heavy, overdriven guitars and unashamed love of poppy sing-along moments…

The title of the album borrows a line from the lyrics in A Wolf In My Mind, which is the most overt reference to the real-life themes of the subject matter. A darker, moody vibe spills from the track with the haunting ‘some things feel wrong, but they don’t feel right’ as the band dives into their desert rock legacy and creates a sound like a grittier Queens Of The Stone Age track, circa Songs For The Deaf, with a swirling middle section and quirky build to the final rousing sign-off.

That Obsidian Grin brings the tempo down further with a smokey blues number, featuring light drumming and hoary bluesman whiskey-soaked vocal stylings. The sparse arrangement is a short-lived but memorable sidebar amongst the thunderous noise the band usually make, and they return to this tried and tested formula with The Sirens Sound.

This full-throated track shows the talents of the classically trained Hällagård and Holappa’s gorgeous guitar tone on the dexterous flourishes that he sprinkles all over The Head & The Habit and as ever features a massive chorus that walks the line between off-kilter and catchy.

This more serious detour is broken up by the playful boogie of Oh Dandelion as the riffs slam up against the hard-hitting drumming. Unashamedly retro, it feels like this should be played in a room adorned by lava lamps and violent, clashing colours painted in wavy lines by people wearing bell bottoms, Afghan coats and round ‘Lennon’ sunglasses.

The Tricking Tree is a longer tale that has a jumble of time changes giving the stuttering stop/start feel of the rhythm section a jazz-like scat to the momentum as if born from extended jamming and a desire to keep the listener guessing where the wandering funky bass will lead them for the first half. When they lock into the second act, the big finish is proceeded by noodling experimentation that creates indulgent prog rock soundscapes teasing the moment before they deliver the payoff.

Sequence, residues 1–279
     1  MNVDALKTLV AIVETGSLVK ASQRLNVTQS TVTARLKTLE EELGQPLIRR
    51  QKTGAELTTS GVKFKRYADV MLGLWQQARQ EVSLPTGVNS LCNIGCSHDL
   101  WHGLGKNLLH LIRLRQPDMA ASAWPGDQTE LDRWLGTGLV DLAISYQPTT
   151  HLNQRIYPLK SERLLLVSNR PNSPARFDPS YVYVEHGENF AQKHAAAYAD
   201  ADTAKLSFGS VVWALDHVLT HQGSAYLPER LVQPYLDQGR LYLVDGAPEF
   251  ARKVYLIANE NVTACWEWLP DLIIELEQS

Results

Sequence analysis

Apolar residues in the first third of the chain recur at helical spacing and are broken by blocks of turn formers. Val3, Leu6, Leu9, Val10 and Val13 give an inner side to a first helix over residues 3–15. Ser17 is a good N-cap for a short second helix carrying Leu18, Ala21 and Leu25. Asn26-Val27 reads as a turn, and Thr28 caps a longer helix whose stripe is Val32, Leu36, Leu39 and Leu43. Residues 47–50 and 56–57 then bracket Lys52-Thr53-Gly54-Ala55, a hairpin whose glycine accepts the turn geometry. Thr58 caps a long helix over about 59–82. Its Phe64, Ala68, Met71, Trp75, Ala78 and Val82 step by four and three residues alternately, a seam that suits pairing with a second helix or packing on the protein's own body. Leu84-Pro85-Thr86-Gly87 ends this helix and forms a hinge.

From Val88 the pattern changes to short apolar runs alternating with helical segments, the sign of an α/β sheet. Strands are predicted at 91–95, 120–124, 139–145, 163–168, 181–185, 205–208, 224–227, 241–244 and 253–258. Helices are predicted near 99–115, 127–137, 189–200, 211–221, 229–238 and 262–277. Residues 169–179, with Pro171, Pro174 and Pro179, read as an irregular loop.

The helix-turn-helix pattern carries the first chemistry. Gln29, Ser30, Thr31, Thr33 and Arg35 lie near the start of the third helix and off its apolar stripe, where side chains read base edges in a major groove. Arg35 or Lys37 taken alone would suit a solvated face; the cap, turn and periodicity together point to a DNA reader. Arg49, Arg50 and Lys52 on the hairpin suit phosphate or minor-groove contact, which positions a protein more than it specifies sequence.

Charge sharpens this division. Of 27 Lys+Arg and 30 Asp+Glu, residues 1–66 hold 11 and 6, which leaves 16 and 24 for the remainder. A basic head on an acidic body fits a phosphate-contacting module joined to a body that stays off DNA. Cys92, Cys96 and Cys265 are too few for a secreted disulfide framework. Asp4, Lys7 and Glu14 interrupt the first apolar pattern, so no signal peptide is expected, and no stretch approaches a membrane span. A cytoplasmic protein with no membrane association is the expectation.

Finishing with the shorter An Alabastrine Smile the low bluesy number is punctuated by a lazy hi-hat beat and swishing guitar swing that, when paired with the gentle, musing narrative, gives a gentle lounge-like close to the album.

Recorded and mixed by long-time associate (and ex-member) Karl Daniel Lidén, The Head & The Habit feels like another step up for the band. As someone who wasn’t blown away by their previous album, the latest release feels like the band have returned to a degree of self-assurance and awareness of their history. There’s a motivation striving to distil past triumphs into an album that rocks with the best of their output, keeping those heavy, overdriven guitars and unashamed love of poppy sing-along moments.

Label: Magnetic Eye Records
Band Links: Facebook | Bandcamp | Spotify | Instagram

Scribed by: Mark Hunt-Bryden